Based upon the foregoing, I determine that the Employer did not conduct a proper investigation of the charge against the Grievant and, therefore, did not have proper cause to discipline the Grievant. This, in and of itself, is enough for me to determine that the Employer violate the contract when it gave the Grievant a five day suspension on September 2, 1992. But I also want to react to the second and third determinations.
Second, even if the Employer had conducted a proper investigation, it must be determined whether the Employer had proof that the Grievant committed an action for which she can be disciplined. According to the Employee Report, the charge against the Grievant is breach of confidential materials. The breach is that she allegedly told the Daughter that the Client had opened a case and was going to pursue paternity against the Former Husband. At the time of the suspension, the only evidence to support this charge is the allegation made by the Client herself, a charge based upon hearsay three times removed. This proof does not meet any minimum requirement and, therefore, at the time of discipline, the Employer did not have sufficient proof that the Grievant committed any action for which she could be disciplined.
At hearing, the Case Specialist testified that the Client told her that the Daughter had made statements to the Former Husband which had put a strain in the Client's relationship with the Former Husband. When the Case Specialist was asked by Counsel for the Union to state what information the Client had told her had been disclosed by the Daughter to the Former Husband, the Case Specialist refused to answer on the grounds of confidentiality. When the Union moved the Arbitrator to order the witness to testify, the Employer argued that the Case Manager could not legally disclose confidential information. Based upon that assertion, the Arbitrator denied the Union's motion. However, the Arbitrator advised the parties that only those breaches of confidentiality which were specified could be used against the Grievant.
Yet, on brief, the Employer attempts to broaden the alleged breach. According to the Employer, the Client testified that she had given the Grievant information about dates of divorce and other personal statements which were discussed by the Daughter with the Former Husband when they met in the store. Yet the record indicates that the divorce referred to by the Client was the Former Husband's divorce. No one had to disclose that date to the Daughter as she was a party to this divorce. In terms of the other statements which the Client testified to as being disclosed to the Former Husband by the Daughter, the Client does not specify any statement other than that the Client had filed for child support. (4) As all the other statements are unspecified, the Grievant will not be required to defend herself against them.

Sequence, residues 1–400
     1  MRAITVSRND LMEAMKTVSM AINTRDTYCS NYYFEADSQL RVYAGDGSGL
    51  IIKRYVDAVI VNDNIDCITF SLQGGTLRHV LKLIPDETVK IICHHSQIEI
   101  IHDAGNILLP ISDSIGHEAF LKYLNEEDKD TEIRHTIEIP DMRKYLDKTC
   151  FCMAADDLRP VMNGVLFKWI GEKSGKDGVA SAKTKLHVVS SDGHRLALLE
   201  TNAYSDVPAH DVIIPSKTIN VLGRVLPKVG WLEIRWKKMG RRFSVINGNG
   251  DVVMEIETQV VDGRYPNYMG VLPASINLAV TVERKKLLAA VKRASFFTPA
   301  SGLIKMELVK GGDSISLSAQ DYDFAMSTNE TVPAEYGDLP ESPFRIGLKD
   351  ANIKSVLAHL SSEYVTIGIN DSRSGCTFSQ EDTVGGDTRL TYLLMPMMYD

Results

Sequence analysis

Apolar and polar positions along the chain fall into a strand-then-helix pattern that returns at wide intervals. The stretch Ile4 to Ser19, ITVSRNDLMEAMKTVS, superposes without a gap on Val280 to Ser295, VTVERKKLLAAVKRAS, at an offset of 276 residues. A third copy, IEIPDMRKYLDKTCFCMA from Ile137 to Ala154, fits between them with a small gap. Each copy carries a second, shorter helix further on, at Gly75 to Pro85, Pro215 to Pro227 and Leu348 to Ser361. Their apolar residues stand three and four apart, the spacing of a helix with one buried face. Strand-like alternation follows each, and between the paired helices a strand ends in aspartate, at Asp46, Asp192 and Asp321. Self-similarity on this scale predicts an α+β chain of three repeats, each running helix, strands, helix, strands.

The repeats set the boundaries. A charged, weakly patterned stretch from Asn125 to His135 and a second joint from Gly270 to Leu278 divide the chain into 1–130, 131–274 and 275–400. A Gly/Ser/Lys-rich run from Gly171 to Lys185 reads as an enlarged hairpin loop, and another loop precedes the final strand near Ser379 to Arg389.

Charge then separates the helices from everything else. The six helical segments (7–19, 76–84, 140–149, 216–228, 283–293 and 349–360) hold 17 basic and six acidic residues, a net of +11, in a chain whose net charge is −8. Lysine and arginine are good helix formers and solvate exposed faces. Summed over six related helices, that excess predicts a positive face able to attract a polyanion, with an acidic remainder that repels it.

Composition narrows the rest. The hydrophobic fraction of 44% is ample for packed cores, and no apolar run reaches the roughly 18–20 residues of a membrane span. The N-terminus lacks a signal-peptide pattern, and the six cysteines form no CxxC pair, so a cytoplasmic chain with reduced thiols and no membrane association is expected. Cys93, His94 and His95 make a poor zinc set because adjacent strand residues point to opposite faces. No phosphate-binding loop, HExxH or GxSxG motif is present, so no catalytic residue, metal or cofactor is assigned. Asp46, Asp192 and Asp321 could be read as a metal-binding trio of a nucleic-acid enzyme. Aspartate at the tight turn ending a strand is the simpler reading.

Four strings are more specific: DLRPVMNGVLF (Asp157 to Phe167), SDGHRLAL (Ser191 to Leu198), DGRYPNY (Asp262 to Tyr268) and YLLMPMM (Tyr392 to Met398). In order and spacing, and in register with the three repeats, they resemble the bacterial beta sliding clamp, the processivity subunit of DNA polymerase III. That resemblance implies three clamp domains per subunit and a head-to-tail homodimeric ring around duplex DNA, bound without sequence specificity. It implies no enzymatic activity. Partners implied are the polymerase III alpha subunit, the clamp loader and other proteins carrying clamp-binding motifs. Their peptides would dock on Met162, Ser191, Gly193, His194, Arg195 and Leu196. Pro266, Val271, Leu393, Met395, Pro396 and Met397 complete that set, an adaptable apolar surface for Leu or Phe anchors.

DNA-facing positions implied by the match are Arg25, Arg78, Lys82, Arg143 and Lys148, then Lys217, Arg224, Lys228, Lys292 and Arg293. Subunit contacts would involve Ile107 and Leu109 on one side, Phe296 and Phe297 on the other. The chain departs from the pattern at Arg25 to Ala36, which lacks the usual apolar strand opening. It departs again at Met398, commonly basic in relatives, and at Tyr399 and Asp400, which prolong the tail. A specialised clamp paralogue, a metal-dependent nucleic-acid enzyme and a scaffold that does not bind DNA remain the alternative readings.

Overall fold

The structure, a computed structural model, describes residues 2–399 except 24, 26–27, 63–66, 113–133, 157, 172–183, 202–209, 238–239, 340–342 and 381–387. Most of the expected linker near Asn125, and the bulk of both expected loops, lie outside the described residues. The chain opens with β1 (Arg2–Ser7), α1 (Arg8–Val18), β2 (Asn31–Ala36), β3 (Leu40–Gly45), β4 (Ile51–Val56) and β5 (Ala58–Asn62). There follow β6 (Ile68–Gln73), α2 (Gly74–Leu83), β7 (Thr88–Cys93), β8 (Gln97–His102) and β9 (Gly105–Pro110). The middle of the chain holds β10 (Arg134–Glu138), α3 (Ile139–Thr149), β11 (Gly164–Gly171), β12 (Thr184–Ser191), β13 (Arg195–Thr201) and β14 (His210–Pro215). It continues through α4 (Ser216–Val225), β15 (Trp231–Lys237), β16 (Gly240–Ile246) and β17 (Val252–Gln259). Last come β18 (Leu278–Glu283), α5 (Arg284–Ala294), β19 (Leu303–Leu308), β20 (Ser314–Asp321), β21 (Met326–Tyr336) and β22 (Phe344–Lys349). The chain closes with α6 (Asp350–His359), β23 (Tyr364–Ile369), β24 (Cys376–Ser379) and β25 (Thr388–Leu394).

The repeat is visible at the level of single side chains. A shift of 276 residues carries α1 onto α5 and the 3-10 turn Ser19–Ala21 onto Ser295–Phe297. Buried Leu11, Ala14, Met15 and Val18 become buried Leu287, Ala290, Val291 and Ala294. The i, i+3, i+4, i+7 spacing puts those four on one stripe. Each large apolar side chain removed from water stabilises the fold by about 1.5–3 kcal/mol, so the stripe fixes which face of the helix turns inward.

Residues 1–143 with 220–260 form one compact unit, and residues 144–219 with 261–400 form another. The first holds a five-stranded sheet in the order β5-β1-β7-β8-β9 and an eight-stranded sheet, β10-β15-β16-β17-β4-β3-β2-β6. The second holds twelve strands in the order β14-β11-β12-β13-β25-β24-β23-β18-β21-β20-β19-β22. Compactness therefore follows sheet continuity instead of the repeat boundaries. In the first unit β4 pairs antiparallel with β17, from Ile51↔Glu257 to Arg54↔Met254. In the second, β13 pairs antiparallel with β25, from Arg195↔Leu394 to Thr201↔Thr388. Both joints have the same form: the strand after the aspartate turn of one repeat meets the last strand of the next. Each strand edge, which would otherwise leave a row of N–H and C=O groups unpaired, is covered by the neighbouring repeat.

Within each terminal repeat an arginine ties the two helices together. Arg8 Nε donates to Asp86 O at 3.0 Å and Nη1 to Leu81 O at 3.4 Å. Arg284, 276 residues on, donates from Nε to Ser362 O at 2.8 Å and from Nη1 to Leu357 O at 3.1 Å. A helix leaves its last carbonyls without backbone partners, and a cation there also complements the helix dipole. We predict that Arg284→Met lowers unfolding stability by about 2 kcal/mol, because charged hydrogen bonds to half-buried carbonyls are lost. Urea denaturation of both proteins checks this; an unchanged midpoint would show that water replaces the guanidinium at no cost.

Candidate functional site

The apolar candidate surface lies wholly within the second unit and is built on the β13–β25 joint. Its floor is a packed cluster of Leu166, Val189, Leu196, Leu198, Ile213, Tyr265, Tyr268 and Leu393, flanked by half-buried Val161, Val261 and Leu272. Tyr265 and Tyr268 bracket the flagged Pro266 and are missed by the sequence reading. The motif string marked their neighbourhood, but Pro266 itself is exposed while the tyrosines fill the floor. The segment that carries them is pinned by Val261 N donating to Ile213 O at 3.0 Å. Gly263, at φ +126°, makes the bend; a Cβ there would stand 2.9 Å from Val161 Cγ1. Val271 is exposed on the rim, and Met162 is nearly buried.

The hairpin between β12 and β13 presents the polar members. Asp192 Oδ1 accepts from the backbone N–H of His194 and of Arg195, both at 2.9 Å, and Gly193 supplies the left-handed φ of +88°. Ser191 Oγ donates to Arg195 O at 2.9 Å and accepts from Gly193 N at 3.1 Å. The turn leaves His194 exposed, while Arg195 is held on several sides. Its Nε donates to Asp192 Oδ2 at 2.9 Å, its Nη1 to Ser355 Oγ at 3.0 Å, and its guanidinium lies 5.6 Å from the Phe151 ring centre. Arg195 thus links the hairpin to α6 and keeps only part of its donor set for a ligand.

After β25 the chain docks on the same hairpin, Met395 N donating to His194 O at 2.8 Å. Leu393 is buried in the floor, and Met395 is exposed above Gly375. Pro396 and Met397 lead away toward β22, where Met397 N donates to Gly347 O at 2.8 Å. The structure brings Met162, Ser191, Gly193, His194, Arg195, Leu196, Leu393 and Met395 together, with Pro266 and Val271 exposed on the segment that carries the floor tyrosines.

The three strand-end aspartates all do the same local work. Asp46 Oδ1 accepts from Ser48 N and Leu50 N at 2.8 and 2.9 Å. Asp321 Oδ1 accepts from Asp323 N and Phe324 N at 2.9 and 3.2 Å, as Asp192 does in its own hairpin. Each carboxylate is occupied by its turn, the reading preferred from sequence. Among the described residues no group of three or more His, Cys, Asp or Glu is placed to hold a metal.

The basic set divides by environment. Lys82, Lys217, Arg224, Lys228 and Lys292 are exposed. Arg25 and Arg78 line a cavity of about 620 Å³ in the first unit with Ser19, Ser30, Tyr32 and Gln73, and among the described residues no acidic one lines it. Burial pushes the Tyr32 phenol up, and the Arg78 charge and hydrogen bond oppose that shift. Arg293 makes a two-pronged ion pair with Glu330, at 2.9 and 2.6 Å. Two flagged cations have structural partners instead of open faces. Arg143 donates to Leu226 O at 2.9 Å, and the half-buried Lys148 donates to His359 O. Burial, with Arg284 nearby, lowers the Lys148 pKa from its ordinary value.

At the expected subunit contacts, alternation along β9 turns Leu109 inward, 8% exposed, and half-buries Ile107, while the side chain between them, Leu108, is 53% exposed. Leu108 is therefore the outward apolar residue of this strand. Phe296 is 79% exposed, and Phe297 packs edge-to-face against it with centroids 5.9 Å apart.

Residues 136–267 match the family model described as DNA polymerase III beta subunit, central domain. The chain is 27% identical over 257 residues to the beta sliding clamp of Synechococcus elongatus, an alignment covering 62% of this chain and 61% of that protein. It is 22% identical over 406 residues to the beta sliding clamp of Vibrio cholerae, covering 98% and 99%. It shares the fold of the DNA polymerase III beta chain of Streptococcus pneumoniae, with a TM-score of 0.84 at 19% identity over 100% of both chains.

The Employer also argues that, based upon the Client's signed statement, information was discussed outside the office which is a breach of confidential information. But the only thing the signed statement says is that the Daughter "knew the details of the case at your agency and then told him to have blood tests done because she doesn't believe that he is the father of my child." Again, the details are unspecified and cannot be used against the Grievant.
In addition, the Employer notes that the Daughter testified that she had spoken with the Former Husband on several occasions regarding his paternity of the child in question. These conversations occurred both prior to and after the Grievant started working at the Child Support Office. Prior to the Client's coming into the office, the Former Husband told the Daughter that the Client was going to pursue paternity. The Daughter told the Grievant (not the Grievant told the Daughter) that the Client was coming into the office. The Daughter advised the Grievant not to get involved. (5)
According to the Employer, "This discussion was totally inappropriate and should not have occurred." The Employer is wrong. No confidential information was involved in this discussion. The Client had not come into the office at this time, so all we have are two people talking about something that might happen in the future. The Employer cannot point to any statute or policy which suggests that someone in the Grievant's position cannot be party to a conversation about someone who may come into the office in the future.